A small step back?
A reported 0300 GMT deadline, which Russian forces denied had been issued, for Ukraine’s troops to disarm in Crimea or face the consequences has passed without incident and in the last hour President Vladimir Putin has ordered troops that took part in military exercises in western Russia to return to base.
That has helped lift the euro but the situation remains incredibly tense. Russia’s stock market is up a little over two percent and the rouble has found a footing but they are nowhere near clawing back Monday’s precipitous losses.
The West may have no military card to play – and its ability to impose meaningful sanctions is untested as yet – but the markets reminded Putin in no uncertain terms yesterday that there is a price to pay for war mongering.
The rouble plunged, Russian stocks dropped 11 percent and the central bank raised interest rates by a full point and a half and then blew $12 billion of its reserves trying to prop up the currency, hardly an ideal policy response for an economy that is already struggling. If in the longer term foreign investment dries up things could get quite nasty.
NATO allies will hold emergency talks on the crisis, for the second time in three days, following a request from Poland which has taken a more robust stance against Russia than some of its European peers. Kiev’s U.N. ambassador said Russia had deployed roughly 16,000 troops to Crimea since last week.
Washington is talking up sanctions from visa bans and asset freezes to trade isolation and has now suspended all military engagements with Russia. But the European Union, with its close energy and economic ties to Russia, is more reticent.
EU foreign ministers held out the threat of sanctions on Monday but went no further than that. EU leaders will meet on Thursday to discuss next steps. The G7 members may boycott Russia’s June G8 summit in Sochi.
Britain’s David Cameron and Barack Obama reiterated in a call that there would be “significant costs” for Moscow unless it changed course. But a UK official walking into Cameron’s office was snapped by photographers with a document. It showed the UK would not support trade sanctions for now, nor close London’s financial centre – the City – to rich Russians.
Whether it was a discussion paper or a definitive outline of policy is not clear but either way it will hardly have Putin and his backers quaking in their boots. Cameron’s office denied it was putting the City’s interests before Ukraine’s plight.
The Organisation for Security and Cooperation in Europe, or OSCE, said it was trying to convene an international contact group to help defuse the crisis after Germany said Chancellor Angela Merkel had persuaded Putin to accept such an initiative.
The new Ukrainian government may be completely outgunned by its neighbour but it also has some cards to play. An IMF mission arrives in Kiev today – the first step towards working out an aid programme – and Prime Minister Arseny Yatseniuk has spelled out budget spending cuts and pledged to deliver whatever reforms the Fund wants.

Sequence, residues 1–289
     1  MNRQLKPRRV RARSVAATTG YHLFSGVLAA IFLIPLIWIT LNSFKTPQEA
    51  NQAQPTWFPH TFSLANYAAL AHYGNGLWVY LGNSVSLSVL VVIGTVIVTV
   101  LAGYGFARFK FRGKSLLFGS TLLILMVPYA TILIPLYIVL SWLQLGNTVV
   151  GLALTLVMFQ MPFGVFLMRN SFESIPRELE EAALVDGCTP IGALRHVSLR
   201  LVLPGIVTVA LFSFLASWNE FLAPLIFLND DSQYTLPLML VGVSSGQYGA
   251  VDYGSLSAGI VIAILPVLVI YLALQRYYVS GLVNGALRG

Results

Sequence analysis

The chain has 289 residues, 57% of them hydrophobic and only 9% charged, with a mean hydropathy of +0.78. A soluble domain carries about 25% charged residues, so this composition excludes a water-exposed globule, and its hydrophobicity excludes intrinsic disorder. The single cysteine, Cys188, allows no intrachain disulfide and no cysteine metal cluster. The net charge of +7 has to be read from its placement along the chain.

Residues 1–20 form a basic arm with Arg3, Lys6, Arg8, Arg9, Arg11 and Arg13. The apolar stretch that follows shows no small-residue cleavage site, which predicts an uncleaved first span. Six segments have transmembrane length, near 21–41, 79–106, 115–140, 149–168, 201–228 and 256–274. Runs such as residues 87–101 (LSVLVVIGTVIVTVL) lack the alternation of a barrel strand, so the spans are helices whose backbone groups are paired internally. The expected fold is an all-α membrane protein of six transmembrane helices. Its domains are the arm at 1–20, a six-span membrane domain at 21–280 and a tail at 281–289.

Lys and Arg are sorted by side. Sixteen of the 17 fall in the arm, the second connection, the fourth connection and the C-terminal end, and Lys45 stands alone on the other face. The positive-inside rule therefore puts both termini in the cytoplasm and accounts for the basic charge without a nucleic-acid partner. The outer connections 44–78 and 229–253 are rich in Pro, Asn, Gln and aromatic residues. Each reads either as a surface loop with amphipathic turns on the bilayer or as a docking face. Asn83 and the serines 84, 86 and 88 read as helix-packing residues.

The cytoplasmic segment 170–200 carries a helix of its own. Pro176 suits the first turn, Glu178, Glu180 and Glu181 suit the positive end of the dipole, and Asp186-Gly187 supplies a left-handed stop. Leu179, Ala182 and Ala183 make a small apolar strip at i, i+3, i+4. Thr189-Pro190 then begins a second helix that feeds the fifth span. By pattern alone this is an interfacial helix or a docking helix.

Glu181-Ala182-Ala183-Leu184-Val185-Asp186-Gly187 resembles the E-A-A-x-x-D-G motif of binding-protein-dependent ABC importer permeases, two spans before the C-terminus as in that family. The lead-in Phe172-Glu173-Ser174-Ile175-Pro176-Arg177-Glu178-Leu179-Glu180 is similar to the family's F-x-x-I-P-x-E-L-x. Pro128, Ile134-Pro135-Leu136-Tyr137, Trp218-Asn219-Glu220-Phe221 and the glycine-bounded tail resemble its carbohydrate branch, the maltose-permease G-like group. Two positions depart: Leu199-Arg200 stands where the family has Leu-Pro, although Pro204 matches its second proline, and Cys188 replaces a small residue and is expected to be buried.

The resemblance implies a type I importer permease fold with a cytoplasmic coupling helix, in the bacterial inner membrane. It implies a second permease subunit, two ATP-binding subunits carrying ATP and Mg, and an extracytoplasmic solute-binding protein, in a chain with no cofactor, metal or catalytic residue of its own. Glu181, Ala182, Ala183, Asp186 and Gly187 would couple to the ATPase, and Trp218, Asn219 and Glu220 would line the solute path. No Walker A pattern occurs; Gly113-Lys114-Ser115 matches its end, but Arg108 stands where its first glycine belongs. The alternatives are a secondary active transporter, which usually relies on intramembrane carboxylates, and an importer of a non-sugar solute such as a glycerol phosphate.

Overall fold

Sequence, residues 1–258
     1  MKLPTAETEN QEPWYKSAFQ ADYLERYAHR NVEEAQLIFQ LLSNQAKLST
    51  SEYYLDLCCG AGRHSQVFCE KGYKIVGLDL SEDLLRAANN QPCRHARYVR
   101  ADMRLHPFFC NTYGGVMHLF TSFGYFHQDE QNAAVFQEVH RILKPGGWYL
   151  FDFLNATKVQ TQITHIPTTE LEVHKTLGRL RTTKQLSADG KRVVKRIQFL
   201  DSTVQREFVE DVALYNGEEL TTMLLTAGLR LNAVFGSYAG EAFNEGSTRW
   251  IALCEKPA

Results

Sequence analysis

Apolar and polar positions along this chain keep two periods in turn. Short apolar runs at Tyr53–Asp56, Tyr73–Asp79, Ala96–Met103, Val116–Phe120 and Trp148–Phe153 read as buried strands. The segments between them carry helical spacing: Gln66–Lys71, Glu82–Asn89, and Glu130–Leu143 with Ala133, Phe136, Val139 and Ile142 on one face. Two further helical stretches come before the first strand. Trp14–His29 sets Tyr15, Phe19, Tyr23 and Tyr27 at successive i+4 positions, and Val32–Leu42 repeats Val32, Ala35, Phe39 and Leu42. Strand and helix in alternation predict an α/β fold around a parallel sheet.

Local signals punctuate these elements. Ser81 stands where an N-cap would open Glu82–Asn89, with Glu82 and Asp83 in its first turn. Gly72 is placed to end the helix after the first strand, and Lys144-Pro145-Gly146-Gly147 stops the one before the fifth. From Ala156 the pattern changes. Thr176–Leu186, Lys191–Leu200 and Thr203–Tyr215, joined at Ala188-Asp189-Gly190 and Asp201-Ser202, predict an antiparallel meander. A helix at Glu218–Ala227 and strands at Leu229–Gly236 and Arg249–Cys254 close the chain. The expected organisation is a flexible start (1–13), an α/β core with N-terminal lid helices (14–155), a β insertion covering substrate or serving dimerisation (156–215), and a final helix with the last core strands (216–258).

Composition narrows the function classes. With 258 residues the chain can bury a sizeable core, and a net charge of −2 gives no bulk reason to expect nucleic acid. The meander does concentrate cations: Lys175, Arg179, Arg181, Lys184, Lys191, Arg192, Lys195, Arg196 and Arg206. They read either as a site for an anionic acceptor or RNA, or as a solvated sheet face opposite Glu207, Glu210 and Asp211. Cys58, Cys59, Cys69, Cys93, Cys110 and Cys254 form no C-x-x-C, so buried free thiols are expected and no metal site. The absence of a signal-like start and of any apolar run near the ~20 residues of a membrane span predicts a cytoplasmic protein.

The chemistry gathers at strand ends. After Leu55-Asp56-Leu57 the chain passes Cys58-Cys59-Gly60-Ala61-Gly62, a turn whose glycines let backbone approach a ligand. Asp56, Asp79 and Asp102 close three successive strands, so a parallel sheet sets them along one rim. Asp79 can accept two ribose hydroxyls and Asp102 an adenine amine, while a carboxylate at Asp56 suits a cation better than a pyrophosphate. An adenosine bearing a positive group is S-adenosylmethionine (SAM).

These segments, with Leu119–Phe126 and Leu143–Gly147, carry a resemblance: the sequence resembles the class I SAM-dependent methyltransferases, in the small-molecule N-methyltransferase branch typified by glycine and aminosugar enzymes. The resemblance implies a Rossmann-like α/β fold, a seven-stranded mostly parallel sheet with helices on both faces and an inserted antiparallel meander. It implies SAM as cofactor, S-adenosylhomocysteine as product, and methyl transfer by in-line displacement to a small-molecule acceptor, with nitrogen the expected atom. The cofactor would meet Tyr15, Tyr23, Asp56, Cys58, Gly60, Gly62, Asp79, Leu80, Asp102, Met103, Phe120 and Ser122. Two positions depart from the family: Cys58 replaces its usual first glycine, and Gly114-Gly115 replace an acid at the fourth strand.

Previous governments in Kiev baulked at an increase in gas prices for domestic consumers and a flexible exchange rate for the hryvnia currency. So it is possible that serious funds could soon be flowing into Ukraine.
Cyprus’s fractious parliament holds a critical vote on government privatisation plans which it rejected last week. The vote is crucial for the disbursement of a new tranche of aid from international lenders, as part of its 10 billion euros bailout, without which the island could slide into default.
Cypriot MPs threw out a proposed roadmap for the sale of state assets last Thursday, prompting the government to resubmit the plan to privatise its ports, telecoms and electricity companies to raise up to 1.4 billion and pay down debt, in the hope that its opponents would look over the abyss and pull back.
Romania’s parliament is expected to hold a confidence vote in Prime Minister Victor Ponta’s newly proposed cabinet lineup but there are complications. President Traian Basescu has questioned Ponta’s legal right to form a new government because of the loss of one of its founding parties.
Ponta criticised Basescu’s new challenge as irresponsible at a time when domestic political instability, coupled with emerging market jitters over the Federal Reserve’s tapering and turmoil in the Ukraine, have put pressure on Romanian assets.
Fears that the Liberal party’s exit from Ponta’s coalition could weaken commitment to the IMF deal appear to have been unfounded.
Estonian Prime Minister Andrus Ansip will hand in his resignation request to the President who will then have two weeks to try to form a new government. Ansip’s move is aimed at finding a new prime minister from his own party who could contest elections due in March 2015. He is opting out having held office with three separate coalitions since 2005.
Estonia has low levels of government debt and is fiscally stable. The key policy difference between the ruling coalition and the centre-left opposition is over Estonia’s flat 21 percent personal income tax, to be reduced to 20 percent in 2015. The opposition parties would like to move towards a progressive tax policy with higher rates for higher earners.
The Ugandan central bank has a policy decision to make after the currency has weakened sharply in the wake of an anti-gay law passed by the government. International donors have declared they will withhold aid in response and the World Bank postponed a loan. The central bank was forced last week to sell dollars to defend the shilling. Rates were held at 11.5 percent last month.